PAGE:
UPDATE: The launch was postponed due to weather. They will try again on Wednesday. Awaiting an update from Blue Origin on launch time.
CORN RANCH, Texas (Blue Origin PR) — Blue Origin’s next New Shepard mission (NS-12) is currently targeting liftoff tomorrow, December 10th at 8:30 am CST / 14:30 UCT. Current weather conditions aren’t as favorable as we’d like, but we’re continuing to keep an eye on the forecast.
As we move towards verifying New Shepard for human spaceflight we are continuing to mature the safety and reliability of the vehicle.
It’s the 6th flight for this particular New Shepard vehicle, marking the first time a Blue Origin booster has made this many consecutive flights (the previous booster flew five times consecutively) – all with minimal refurbishment between flights. This particular rocket has been an operational payload vehicle for several flights, meaning there are no more updates to the system.
This will also be the 9th commercial payload mission for New Shepard, and we are proud to be flying our 100th customer on board.
Also on the vehicle are thousands of postcards from students around the world for our nonprofit Club for the Future. The Club’s mission is to inspire future generations to pursue careers in STEM and help visualize the future of life in space.
You can watch the launch live at BlueOrigin.com – the pre-show begins T-30 where Blue will provide more mission details and updates.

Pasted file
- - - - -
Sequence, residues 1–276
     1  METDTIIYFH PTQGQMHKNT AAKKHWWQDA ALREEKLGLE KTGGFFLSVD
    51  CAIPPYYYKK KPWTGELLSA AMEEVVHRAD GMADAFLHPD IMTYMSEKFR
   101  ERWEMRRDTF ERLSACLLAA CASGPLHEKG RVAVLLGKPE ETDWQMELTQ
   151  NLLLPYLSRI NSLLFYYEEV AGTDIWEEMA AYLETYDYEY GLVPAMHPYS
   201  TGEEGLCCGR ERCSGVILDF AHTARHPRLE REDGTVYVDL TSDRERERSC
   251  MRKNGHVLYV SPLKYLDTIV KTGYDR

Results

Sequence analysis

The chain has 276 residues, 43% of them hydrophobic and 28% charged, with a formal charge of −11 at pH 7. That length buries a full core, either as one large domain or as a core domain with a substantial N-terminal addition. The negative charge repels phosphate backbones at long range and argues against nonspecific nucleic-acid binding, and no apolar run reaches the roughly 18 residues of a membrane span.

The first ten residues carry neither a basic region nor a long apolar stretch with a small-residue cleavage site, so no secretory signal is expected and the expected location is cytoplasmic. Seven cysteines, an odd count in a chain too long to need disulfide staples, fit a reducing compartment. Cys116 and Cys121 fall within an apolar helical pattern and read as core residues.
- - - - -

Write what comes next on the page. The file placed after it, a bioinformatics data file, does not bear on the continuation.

To follow the action, we’ll be posting live updates on Instagram and Twitter.
New Shepard Mission NS-12 Notable Payloads Manifested
Earlier this year we partnered with rock band OK Go on a contest called Art in Space, giving high school and middle school students a chance to send art experiments into space on our New Shepard vehicle. We are sending the two winning art projects on NS-12.
One of our educational payloads from Columbia University, designed and built by undergraduate students and advised by Dr. Michael Massimino (an astronaut), will study the acute impacts of microgravity environments on cell biology. This is crucial for humans living and working in space.
OSCAR, which was led by principal investigator Dr. Annie Meier, is a recycling technology payload from NASA’s Kennedy Space Center. It is designed to create a mixture of gasses that could be used for propulsion or life support from common waste on a deep space human exploration mission. This is Blue’s first full-stack payload, meaning there will be more room to do complex studies in flight.